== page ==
HG is extreme sickness during pregnancy. It affects 1% of women with pregnancy sickness and is deeply unpleasant for sufferers. Women experiencing HG are often sick many times a day and are usually completely unable to keep food or drink down due to the excessive nausea and vomiting. The condition often needs hospital treatment.
But, most people get sickness during their pregnancy, don’t they?
Around 7 in 10 women experience sickness during their pregnancy, this often improves or disappears by around 14 weeks. HG is a completely different ball game, with sickness levels of suffers being relentless and much higher than the “normal” expected levels. It may not clear up completely until the baby is born, although some symptoms may improve at around 20 weeks.
What are the symptoms of hyperemesis gravidarum?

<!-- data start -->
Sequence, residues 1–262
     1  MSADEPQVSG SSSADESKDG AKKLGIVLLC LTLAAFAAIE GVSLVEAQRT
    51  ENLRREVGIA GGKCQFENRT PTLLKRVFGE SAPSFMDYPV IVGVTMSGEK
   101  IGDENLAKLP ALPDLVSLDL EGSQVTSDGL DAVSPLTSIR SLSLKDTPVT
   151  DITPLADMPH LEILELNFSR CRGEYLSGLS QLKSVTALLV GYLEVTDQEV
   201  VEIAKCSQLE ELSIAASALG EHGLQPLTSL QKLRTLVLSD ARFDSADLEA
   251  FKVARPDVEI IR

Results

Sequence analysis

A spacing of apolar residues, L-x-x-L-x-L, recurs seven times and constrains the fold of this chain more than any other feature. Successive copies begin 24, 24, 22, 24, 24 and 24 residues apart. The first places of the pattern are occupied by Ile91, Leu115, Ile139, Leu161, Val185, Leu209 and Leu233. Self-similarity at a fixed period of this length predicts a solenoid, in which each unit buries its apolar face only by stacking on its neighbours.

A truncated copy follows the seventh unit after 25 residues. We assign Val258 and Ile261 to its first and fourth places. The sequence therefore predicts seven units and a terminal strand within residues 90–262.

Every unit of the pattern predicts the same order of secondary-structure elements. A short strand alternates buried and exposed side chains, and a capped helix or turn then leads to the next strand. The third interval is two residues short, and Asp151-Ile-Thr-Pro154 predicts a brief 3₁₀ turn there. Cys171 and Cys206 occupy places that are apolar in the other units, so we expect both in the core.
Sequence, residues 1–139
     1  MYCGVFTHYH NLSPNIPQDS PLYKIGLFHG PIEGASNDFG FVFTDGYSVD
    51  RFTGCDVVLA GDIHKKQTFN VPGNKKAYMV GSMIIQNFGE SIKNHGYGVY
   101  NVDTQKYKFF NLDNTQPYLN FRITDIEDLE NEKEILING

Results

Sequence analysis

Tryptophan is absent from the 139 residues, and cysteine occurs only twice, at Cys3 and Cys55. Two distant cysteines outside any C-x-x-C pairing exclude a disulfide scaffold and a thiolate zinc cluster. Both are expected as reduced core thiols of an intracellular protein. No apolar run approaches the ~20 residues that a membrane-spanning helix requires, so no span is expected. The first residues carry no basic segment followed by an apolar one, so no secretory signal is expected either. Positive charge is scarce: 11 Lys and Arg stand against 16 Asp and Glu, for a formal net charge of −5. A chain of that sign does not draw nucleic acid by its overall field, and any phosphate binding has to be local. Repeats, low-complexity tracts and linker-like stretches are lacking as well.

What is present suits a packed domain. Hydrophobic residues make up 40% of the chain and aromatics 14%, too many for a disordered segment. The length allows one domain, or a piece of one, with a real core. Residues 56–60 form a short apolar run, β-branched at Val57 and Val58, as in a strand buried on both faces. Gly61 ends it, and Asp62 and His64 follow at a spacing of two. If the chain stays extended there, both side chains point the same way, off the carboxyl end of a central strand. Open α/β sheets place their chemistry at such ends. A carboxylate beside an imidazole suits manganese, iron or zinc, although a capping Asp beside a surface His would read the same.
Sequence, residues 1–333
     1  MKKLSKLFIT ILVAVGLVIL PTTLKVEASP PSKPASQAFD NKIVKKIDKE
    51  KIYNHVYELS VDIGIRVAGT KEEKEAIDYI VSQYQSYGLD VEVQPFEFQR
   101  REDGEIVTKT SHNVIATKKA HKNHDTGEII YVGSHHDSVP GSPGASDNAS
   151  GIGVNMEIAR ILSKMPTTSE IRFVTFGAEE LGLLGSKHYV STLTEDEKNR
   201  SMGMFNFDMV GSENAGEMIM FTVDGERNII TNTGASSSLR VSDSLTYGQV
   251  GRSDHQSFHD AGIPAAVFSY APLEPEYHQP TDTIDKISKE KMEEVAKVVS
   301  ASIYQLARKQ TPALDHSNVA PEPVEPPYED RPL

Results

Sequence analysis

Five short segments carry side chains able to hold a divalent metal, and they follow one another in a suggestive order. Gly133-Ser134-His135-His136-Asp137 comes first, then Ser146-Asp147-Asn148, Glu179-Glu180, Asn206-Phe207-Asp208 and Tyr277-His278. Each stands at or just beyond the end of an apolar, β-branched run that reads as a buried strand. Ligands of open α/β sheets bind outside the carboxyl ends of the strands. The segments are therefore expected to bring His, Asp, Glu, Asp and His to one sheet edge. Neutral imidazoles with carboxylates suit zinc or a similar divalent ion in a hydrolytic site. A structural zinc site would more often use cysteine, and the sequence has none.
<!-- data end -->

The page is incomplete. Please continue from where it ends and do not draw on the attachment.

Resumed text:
- prolonged and severe nausea and vomiting – some women report being sick up to 50 times a day
- dehydration – not having enough fluids in your body because you can’t keep drinks down; if you’re drinking less than 500ml a day, you need to seek help
- ketosis – a serious condition that results in the build-up of acidic chemicals in the blood and urine; ketones are produced when your body breaks down fat, rather than glucose, for energy
- weight loss
- low blood pressure (hypotension) when standing
It is important that you seek medical advice if you are unable to keep any food or fluids down as you can become dehydrated very quickly when suffering with HG.
What causes it?
Nobody knows for sure, though some experts believe it is linked to the changing hormones in your body that occur during pregnancy.
There is some evidence that it runs in families, so if you have a mother or sister who has had HG in a pregnancy, you may be more likely to get it yourself.
If you have had HG in a previous pregnancy, you are more likely to get it in your next pregnancy than women who have never had it before too.
More information or support
The charity Pregnancy Sickness Support has lots of information on the condition, and can offer much needed support to those suffering. The chair of the charity, Caitlin Dean, answers what is HG and what you can do if you’re suffering in this guest blog.